On the other hand, Punjab has exceeded production targets of rice and sugar for FY 2012-13. Punjab produced 3.4 million tons of rice against the target of 3 million tonnes this year. Its sugar mills will produce 4.3 million tonnes of sweetener during the on-going crushing season.
They said that late monsoon rains in August / September greatly helped the two water intensive crops though cotton crop in D.G. Khan, Rajanpur and Rahimyar Khan districts was badly damaged reducing the cotton from 10 million bales to 9.6 million bales.
Experts said that Punjab has achieved 95-per cent wheat sowing target in the rice growing areas of central Punjab and rain fed (barani) areas. However, it is a bit behind the schedule in cotton belt of Southern Punjab for the growers extended cotton picking period due to fair prices or seed cotton. Punjab has set the wheat sowing target at 16.8 million acres to produce 19 million tons or wheat which is the staple food of the nation.
Despite injection of huge subsidies and increase in support prices, the performance of agriculture sector has declined over the past three years and there are apprehensions that it may lead to long-term negative impact on economic growth and prospects of poverty reduction.
Experts told PAGE that developing agriculture as a more diversified and technologically advanced sector required a precise and thorough intervention in policies, which should provide crop insurance and storage facilities and increased investment in infrastructure to address water shortage issues, improve farm-to market roads, energy and value chains through processing and cold storages.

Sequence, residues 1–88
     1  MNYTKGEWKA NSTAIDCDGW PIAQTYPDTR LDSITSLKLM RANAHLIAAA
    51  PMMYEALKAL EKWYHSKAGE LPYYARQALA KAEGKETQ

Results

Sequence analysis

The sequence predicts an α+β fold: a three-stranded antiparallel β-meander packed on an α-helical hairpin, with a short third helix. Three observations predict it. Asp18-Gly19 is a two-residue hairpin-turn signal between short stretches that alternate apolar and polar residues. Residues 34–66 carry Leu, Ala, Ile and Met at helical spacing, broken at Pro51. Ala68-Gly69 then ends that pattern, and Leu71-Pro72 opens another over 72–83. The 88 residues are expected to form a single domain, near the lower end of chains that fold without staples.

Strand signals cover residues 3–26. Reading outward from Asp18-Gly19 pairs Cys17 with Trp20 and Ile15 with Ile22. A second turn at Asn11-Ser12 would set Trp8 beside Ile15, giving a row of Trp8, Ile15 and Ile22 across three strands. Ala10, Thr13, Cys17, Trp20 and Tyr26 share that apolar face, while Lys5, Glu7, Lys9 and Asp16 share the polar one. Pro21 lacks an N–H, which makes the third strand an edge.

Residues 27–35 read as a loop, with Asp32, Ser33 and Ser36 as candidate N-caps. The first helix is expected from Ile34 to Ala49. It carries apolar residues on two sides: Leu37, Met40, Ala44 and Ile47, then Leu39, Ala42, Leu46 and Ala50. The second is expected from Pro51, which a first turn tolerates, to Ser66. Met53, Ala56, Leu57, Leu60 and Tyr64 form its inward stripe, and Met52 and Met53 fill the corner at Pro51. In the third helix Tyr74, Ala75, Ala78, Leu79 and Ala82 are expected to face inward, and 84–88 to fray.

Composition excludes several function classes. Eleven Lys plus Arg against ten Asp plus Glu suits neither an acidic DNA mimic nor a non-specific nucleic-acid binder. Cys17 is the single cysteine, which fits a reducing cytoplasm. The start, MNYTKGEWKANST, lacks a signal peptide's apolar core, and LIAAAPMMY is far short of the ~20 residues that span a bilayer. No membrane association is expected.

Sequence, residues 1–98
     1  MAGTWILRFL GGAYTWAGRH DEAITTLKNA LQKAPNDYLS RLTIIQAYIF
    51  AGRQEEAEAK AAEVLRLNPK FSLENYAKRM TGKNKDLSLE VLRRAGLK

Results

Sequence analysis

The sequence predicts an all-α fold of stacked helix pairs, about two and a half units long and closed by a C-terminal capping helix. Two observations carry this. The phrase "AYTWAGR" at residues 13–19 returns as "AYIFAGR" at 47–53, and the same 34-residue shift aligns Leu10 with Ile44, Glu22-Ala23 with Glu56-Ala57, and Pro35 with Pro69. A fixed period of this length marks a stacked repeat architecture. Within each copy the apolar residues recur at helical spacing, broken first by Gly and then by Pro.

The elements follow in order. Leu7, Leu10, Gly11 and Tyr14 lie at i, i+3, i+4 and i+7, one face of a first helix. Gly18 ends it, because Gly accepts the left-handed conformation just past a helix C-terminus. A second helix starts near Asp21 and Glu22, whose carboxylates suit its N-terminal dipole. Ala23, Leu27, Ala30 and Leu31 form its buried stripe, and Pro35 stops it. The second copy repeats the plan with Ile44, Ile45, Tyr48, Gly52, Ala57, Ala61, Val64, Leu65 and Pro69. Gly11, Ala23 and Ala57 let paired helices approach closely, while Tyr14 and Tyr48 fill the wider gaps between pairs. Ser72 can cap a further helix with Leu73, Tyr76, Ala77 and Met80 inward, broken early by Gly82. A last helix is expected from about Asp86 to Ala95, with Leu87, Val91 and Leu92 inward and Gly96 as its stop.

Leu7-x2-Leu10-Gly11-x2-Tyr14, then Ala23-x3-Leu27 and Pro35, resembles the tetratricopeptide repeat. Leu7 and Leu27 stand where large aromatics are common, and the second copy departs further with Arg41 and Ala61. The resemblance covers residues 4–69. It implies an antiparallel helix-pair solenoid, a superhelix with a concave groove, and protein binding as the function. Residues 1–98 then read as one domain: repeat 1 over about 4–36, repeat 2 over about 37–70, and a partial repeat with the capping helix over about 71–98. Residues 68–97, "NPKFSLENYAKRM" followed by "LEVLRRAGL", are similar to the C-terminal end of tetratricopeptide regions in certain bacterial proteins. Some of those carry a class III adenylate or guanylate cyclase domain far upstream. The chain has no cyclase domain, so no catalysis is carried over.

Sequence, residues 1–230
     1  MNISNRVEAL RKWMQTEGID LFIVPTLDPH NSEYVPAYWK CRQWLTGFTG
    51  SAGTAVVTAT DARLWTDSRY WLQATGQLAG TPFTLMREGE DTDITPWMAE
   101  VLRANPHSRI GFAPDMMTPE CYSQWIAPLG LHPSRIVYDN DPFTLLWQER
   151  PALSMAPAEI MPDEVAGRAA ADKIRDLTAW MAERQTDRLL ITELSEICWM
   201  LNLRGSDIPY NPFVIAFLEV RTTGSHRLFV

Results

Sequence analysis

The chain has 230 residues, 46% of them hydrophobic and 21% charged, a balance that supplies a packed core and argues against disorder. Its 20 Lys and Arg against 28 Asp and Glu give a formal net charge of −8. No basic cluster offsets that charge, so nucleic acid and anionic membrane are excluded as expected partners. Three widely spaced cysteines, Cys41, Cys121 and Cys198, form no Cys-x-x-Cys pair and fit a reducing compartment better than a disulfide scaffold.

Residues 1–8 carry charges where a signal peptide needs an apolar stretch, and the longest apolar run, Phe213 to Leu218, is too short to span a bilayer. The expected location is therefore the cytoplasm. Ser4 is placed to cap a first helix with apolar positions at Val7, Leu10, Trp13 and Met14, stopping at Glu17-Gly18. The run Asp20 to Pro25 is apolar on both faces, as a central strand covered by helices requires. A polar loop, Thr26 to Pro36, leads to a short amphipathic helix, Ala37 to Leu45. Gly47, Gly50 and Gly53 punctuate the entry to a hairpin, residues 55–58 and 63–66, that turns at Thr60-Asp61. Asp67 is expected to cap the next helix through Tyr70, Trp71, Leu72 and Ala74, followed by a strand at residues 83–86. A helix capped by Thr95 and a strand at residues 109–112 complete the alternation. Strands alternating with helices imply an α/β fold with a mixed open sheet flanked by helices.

They said the agriculture sector witnessed a persistent decrease in its share in the GDP from 4 per cent in 2008-09 to 1.2per cent in 2010-11. Its growth fell to a record level of 0.6 per cent during financial year 2009-10`. Low productivity, rising seed and fertiliser prices and energy crisis remained major challenges in the agriculture sector over the last three years.
The major crops accounting for 33.4 per cent of GDP in 2008-09 declined to 32.8 per cent of GDP in fiscal year 200910 and further down to 31.8 per cent in 2010-11. Due to persistent problems, the year-on-year growth area under cultivation of cotton, rice and wheat declined to 18 per cent, 13 per cent and 2 per cent, respectively. While wheat and sugarcane production exceeded their targets, the actual year-on-year production under of the major crops of cotton and rice declined in 2010-11 while in 2008-09, three out of four major crops depicted a slow year on-year production rate in rice, sugarcane and wheat.
Official sources said the county had wheat stocks of more than 8.41 million tonnes and there were plans to export one million tonnes from these stocks. Rice production this year is expected at 6.16 million tons which shows an improvement of 28-per cent over last year. Sugarcane production is estimated at 59.5 million tons as compared to 55.3 million tons last year and cotton production is expected to be around 13.6 million bales.
An effective mechanism needs to be adopted to educate farmers and the industry on any development made in agriculture research so that the agriculture sector can benefit from it.